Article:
What's the history of all this?

  1. What's the history of all this?

    What's the history of all this? For decades, NYC has tried unsuccessfully to reduce traffic congestion and get adequate, stable transportation funding

In the early 70s, the newly passed federal Clean Air Act required coming up with a plan to clean up the City's air. Mayor John Lindsay and Governor Nelson Rockefeller supported a new $0.50 toll on the Harlem and East River Bridges, which would both reduce congestion and raise money for the failing transit system. The taxi and trucking industries, among others, fought the plan. Eventually, Senator Moynihan and Representative Holtzman got the Clean Air Act amended to take the pressure off the City, and the toll plan was abandoned.

In the early 1980s, there were plans to ban single-occupancy automobiles from using the East River bridges during weekday rush hour, or to toll these vehicles. Lawsuits led to rulings that the City did not have authority to do this. In 1986, Senator Alfonse D'Amato, from Staten Island, used federal law to get rid of the eastbound tolls on the Verrazano Bridge. In 1987, Mayor Koch's proposed congestion pricing plan led to demonstrations in front of City Hall. A business-labor coalition convinced the Mayor to withdraw his plan.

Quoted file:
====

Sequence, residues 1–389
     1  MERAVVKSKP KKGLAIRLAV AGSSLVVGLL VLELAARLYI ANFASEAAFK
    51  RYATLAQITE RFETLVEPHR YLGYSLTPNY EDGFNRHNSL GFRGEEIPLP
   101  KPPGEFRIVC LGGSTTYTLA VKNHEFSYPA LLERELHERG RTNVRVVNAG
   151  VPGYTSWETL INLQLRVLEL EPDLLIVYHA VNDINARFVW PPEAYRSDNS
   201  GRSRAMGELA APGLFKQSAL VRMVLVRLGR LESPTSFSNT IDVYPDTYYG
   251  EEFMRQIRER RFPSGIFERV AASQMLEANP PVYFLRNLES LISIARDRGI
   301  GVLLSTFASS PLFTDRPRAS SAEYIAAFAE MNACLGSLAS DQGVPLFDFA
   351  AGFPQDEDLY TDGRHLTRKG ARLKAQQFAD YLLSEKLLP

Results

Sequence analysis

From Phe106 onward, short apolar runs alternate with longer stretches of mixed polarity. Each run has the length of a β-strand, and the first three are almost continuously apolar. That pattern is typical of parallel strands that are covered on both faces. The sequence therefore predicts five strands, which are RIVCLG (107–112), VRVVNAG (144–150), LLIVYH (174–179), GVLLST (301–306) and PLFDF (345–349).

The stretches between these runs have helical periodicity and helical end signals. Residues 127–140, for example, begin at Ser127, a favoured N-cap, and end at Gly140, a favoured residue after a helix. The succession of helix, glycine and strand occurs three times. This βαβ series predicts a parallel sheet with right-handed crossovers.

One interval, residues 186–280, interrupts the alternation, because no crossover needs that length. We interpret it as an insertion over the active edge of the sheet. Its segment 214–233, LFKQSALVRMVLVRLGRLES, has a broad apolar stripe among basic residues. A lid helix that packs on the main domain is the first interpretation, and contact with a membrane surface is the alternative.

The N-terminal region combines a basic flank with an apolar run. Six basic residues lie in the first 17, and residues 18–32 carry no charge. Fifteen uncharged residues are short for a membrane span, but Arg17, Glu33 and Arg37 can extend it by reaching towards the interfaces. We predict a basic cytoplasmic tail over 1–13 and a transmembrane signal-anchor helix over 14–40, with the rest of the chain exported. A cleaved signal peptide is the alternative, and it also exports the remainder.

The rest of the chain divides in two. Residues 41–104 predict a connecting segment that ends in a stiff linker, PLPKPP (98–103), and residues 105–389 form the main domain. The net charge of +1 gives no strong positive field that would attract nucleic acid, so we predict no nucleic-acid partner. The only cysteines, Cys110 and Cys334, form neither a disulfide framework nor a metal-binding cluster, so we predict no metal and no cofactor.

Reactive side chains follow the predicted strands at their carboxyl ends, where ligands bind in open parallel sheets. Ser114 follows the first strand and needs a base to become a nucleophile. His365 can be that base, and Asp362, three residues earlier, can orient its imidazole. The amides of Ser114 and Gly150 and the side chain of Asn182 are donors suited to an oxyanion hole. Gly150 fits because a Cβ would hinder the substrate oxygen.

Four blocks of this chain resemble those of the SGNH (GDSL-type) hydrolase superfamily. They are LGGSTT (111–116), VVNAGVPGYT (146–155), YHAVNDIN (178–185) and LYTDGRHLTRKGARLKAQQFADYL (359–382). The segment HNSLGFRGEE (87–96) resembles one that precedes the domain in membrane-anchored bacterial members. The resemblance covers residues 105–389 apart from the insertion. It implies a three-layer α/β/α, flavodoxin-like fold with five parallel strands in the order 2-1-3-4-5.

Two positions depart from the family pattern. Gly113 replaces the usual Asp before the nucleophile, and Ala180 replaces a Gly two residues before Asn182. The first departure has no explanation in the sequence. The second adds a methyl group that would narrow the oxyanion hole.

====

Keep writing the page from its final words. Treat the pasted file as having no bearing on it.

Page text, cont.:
Congestion pricing was part of Mayor Bloomberg's PlaNYC2030: A Greener, Greater New York, announced on Earth Day in 2007. This proposal involved an $8 toll for cars ($21 for trucks) entering Manhattan below 60th St., 6 AM - 6 PM weekdays. Several roadways, and the East River bridges, were exempted. The proposal never even got to a vote in the NYS Assembly. Failing to implement the plan cost the City $354 million in federal assistance for traffic congestion and mass transit improvements; instead, the US DOT gave the money to other cities for traffic congestion relief.

You can read more details of this history at the NY Times, Streetsblog, and Wikipedia.